Back Street Heroes



Unless… no, actually, I can’t think of a reason, given that there’s an NCC logo on the bike tank on the cover, along with the words ‘National Chopper Club issue’, that you might be surprised that this issue, the fourhundre­d-and-thirty-eighth since we started way back in 1983, is dedicated to the guys who are probably the folk most devoted to custom bikes in this Sceptred Isle. The Chopper Club, as I’m sure you know, was formed back in 1973 and, nearly fifty years later, has expanded from being just an English thing to taking over Europe, too – they now have a presence in Scotland, Wales, Northern Ireland, Belgium, Eire, Holland, Germany, Norway and Macedonia (in the very end of south-eastern Europe, right down by Greece… I had to look it up, too), as well as in most counties in England (45 out of the 48 there are!). They’re good guys, too. I’ve been to a fair few Club events over the years, including their amazing 40th anniversar­y bash that totally blew my mind, and I’m proud to say that my bikes’ve picked up trophies at a few, too – to win a pot at an NCC event, as I’ve long said, is a real achievemen­t because not only do these guys build and run some top-class customs, the chaps who do the judging also really know what they’re looking at, and have very high standards. In this issue we have eight Club bikes, and one event from last year that really shows the quality of the bikes you see at one of their runs; the bikes featured perhaps aren’t quite as bling as you might expect, not as out-and-out chromed/ polished/painted/preened over as some, but there’s a reason for that – Club bikes, as has been said many times during BSH’s involvemen­t with the Club, are built to ride, and to be ridden. They rack up the miles each and every Bank Holiday, and so their machines have to be capable of dealing with long, fast days racking up hundreds of miles at a time on a run – just looking pretty doesn’t cut it, y’know. Not one of them you’ll see here doesn’t deserve its place in the mag though, and not one of them’d be ignored in a pub car park, and the fact that they look as cool as hell, and’re capable of doing the distance when needed, well… isn’t that what it’s all about when it comes down to it? Speaking of doing the miles, you can’t’ve failed to notice that, slowly but inexorably, bike events’re starting to come back. Round my way they are, it has to be said, mostly just bike nights, and the odd one-day custom show, no rallies as of yet, but at the time of writing (two weeks before the weekend that the Yorkshire Pudding’s due to be held), the Farmyard Party’s still looking as though it’s on, and there are a couple of other ‘old school camping’ bashes still going ahead, too. If you’re thinking of going to one, then don’t let me stop you, but just a word of warning that you can listen to or ignore at your own choice – if you have any underlying health conditions (heart problems, COPD, diabetes, etc.) then it might be worth having a rethink. According to the latest thinking, these conditions do put sufferers in a more vulnerable position, and so going to somewhere that has a marquee, alcohol and loud music, where people’re packed in closer together, and have to shout to be heard, means that the chances of transmissi­on, heaven forbid, are higher. Like I said, don’t let the words of some dreadlocke­d scruff who writes arse in bike mags stop you doing what you want to do, but be careful, eh! There aren’t as many of us out there these days as there once were, and it’d be a pisser if this bastard virus reduced our numbers still further. Me, I’m good with going to one-dayers, or bike nights, events that’re held outside, but I suspect that my next rally’s going to be well into the Spring of next year. I mean, I’m dying to go to a rally, but I’d rather not die because I went to one, y’know?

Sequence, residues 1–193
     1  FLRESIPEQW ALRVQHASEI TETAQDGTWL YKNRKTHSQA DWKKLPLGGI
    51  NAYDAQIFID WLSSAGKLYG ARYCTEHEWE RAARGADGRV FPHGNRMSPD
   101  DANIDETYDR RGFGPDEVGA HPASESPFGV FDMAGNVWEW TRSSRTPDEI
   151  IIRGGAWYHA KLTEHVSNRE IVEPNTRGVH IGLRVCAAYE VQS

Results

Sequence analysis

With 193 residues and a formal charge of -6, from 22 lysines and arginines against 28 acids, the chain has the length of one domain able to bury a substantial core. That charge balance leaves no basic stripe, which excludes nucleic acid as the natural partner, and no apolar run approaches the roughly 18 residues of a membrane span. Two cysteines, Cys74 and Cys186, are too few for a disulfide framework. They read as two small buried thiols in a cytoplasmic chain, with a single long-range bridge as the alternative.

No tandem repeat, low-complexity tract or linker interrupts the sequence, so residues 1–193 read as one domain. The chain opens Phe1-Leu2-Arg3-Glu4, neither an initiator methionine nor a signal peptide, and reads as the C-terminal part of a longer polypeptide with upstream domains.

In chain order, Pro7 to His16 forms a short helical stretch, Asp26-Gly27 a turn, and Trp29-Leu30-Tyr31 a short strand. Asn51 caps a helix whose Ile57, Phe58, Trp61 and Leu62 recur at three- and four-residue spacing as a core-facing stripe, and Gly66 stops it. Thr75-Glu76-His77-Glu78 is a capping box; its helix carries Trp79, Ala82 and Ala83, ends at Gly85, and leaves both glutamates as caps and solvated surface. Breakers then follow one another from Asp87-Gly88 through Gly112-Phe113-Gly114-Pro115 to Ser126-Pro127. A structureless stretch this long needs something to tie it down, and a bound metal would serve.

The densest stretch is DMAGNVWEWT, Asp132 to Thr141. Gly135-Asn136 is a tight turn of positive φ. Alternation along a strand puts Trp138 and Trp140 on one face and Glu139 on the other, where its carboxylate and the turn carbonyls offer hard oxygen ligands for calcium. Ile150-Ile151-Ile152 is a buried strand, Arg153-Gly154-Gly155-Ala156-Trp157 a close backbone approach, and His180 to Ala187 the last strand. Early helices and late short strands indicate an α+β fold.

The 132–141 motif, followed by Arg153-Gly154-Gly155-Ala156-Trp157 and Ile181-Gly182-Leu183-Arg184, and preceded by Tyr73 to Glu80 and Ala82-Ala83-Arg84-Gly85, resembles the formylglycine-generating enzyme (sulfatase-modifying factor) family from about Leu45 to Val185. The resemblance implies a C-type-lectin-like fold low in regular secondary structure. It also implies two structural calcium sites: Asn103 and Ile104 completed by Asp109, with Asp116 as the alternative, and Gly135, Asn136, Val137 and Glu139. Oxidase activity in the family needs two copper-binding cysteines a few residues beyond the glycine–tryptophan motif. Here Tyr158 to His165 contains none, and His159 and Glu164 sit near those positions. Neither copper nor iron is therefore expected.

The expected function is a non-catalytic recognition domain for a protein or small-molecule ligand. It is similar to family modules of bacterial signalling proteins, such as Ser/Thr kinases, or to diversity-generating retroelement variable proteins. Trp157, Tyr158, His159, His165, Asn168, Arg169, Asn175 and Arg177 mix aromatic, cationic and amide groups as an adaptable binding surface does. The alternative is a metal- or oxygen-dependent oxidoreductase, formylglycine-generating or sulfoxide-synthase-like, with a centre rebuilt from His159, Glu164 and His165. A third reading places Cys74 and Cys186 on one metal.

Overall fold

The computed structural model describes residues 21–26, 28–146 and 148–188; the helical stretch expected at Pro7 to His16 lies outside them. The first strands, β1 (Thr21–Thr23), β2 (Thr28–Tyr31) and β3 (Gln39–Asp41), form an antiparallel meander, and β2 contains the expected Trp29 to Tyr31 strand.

??  ??

Newspapers in English

Newspapers from United Kingdom